In any event, the timing of the decision means that Kenya’s non-cooperation will likely not be a formal issue at the forthcoming Assembly in November this year. Section 14 of the Assembly procedures relating to non-cooperation clarifies that for there to be a public dialogue on a particular instance of non-cooperation at the ASP, a meeting at the Bureau must first be held where the State concerned is invited to “present its views on how it would cooperate with the Court in the future”, and “subsequently, and provided the next session of the Assembly is scheduled to take place more than three months after the Bureau meeting”, the Bureau can request the New York Working Group to hold a public meeting on the matter to allow for an open dialogue with the requested State. Only after this is done, can the matter be discussed in a plenary session at the Assembly. One is therefore left speculating whether the timing of the Trial Chamber’s decision reflects a desire to avoid escalating tensions between Kenya and the Court by ensuring that even further time passes before this sensitive issue will be formally addressed. This may be connected to the Chamber attempting to create leverage for Kenya to cooperate in the ongoing cases relating to the obstruction of justice involving three Kenyan citizens where arrest warrants remain outstanding. It should be emphasized that it is extremely unlikely that the referral can bring about anything that would lead to the re-opening of the PEV-related ICC cases.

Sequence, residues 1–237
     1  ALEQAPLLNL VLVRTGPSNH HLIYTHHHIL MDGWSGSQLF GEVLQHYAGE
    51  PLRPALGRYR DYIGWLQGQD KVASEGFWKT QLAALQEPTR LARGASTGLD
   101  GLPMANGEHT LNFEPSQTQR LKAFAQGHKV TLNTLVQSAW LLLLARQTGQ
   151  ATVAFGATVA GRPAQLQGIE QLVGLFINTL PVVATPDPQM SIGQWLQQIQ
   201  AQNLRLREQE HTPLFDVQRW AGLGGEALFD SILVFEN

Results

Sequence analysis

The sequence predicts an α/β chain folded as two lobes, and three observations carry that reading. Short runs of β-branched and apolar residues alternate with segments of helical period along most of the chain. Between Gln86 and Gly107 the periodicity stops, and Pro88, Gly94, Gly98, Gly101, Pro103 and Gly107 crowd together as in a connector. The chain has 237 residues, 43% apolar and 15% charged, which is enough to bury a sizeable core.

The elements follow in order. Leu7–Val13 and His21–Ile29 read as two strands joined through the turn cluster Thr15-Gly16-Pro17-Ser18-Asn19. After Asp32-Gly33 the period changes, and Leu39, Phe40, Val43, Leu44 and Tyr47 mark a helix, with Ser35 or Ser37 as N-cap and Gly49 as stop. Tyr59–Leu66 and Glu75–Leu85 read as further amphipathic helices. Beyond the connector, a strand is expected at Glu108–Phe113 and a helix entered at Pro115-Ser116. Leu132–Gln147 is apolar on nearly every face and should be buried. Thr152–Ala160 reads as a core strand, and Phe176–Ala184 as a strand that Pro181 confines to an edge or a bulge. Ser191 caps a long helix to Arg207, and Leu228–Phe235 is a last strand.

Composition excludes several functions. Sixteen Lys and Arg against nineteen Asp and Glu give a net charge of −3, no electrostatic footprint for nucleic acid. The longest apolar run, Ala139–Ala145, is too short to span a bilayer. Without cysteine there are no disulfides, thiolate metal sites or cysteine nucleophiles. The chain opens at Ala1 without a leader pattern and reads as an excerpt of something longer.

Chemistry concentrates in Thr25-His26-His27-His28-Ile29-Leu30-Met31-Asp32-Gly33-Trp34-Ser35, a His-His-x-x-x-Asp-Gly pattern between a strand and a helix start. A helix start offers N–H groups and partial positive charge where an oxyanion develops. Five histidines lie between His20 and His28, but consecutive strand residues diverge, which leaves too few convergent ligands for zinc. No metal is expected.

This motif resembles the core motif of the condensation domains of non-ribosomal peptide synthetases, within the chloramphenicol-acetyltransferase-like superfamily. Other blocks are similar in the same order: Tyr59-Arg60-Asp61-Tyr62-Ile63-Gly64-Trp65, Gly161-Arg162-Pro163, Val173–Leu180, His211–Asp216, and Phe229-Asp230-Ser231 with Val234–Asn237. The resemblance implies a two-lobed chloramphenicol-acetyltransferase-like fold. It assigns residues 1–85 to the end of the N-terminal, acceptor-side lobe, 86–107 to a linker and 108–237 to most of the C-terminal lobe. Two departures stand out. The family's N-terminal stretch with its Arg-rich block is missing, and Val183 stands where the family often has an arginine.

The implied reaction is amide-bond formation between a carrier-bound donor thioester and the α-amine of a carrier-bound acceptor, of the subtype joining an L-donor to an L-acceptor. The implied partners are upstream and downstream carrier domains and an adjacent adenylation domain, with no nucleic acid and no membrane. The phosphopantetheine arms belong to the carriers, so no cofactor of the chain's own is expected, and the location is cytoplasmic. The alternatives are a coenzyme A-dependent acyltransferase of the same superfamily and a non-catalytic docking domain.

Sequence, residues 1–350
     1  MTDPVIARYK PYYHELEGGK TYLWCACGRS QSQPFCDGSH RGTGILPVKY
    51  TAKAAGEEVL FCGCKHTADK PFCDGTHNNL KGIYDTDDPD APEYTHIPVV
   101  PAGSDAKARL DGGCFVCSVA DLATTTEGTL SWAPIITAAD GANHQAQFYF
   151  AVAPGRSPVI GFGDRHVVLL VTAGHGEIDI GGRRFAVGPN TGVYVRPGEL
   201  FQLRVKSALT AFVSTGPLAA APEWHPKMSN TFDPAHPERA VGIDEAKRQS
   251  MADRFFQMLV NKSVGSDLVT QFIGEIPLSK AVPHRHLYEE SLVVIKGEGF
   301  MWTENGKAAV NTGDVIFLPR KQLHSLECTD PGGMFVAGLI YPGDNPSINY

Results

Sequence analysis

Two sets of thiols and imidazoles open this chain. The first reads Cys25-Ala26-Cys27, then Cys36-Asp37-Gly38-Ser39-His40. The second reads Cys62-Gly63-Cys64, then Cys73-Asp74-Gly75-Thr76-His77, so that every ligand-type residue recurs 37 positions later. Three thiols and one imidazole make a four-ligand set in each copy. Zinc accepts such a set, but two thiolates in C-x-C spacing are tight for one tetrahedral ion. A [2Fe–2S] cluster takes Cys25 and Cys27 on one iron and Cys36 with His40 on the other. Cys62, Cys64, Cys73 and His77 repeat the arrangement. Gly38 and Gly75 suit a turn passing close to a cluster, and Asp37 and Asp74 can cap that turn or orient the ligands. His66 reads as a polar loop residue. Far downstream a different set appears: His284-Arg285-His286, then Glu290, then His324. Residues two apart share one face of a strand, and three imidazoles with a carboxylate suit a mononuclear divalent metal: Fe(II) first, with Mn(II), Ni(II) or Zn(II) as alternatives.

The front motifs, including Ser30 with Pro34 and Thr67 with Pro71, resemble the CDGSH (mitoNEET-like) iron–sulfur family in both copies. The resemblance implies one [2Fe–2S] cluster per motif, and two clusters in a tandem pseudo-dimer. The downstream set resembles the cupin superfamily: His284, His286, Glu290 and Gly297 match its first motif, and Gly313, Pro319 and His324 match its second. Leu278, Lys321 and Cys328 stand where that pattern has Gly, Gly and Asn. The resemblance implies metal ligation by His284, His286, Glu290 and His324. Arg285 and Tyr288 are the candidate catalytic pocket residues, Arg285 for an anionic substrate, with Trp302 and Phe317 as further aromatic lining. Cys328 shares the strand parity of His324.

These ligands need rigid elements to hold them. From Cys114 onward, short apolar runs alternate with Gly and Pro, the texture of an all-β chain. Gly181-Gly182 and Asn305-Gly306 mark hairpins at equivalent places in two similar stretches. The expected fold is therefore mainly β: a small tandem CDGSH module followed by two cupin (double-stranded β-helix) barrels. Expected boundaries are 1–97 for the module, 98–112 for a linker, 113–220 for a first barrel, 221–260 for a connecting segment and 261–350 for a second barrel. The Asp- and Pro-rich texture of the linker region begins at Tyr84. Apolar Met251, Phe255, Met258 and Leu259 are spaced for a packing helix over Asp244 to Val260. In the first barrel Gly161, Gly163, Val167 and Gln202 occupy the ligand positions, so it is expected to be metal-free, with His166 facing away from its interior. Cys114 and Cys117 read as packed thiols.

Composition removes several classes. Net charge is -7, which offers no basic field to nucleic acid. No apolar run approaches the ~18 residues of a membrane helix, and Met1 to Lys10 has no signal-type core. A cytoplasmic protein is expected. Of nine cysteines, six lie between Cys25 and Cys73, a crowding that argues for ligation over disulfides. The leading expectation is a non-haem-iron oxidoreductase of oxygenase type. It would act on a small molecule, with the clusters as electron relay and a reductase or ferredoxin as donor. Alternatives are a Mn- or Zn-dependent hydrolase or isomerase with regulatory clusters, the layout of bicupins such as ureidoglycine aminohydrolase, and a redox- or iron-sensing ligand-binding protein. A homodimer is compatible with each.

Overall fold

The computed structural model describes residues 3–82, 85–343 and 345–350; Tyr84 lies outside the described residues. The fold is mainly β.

More generally, the present proceedings point to significant shortcomings in the ICC’s cooperation regime. The Trial Chamber’s decision to refer Kenya to the ASP represents the only enforcement measure available to a Chamber that finds a State Party to be in breach of its cooperation obligations under Article 87(7) (in situations that had not been referred to the Court by the UN Security Council). Whereas a Chamber’s finding of non-cooperation is in theory strictly judicial, the actual enforcement of such a finding is essentially political as it belongs to bodies comprised of State representatives, namely the ASP (and the Security Council where a case is commenced on the basis of a Council referral). The Statute does not offer any guidance concerning the type of action these bodies can take. In addition to relying on the informal work of the ASP President, the ASP’s own guidelines create a “formal response procedure” when a decision by the Court regarding non-cooperation has been referred to the ASP. However, this procedure seems to be primarily aimed at promoting cooperation with respect to ongoing cases. Since the charges against Kenyatta have already been withdrawn, these aspects of the procedure are less relevant in this case. The procedure also provides that the President may write an “open letter” to the State concerned reminding it of the obligation to cooperate; the holding of “public meetings”; discussions in plenary; and the appointment of “a dedicated facilitator to consult on a draft resolution containing concrete recommendations on the matter”. Importantly, the procedure does not lay down a framework for actually sanctioning a State Party which refuses to cooperate. In short, the ICC’s cooperation regime is essentially based on a “managerial model” of compliance, but this can be problematic when the relevant State has a limited motive for cooperating with respect to the actual case that triggered the cooperation proceedings and in particular when this case has already been terminated.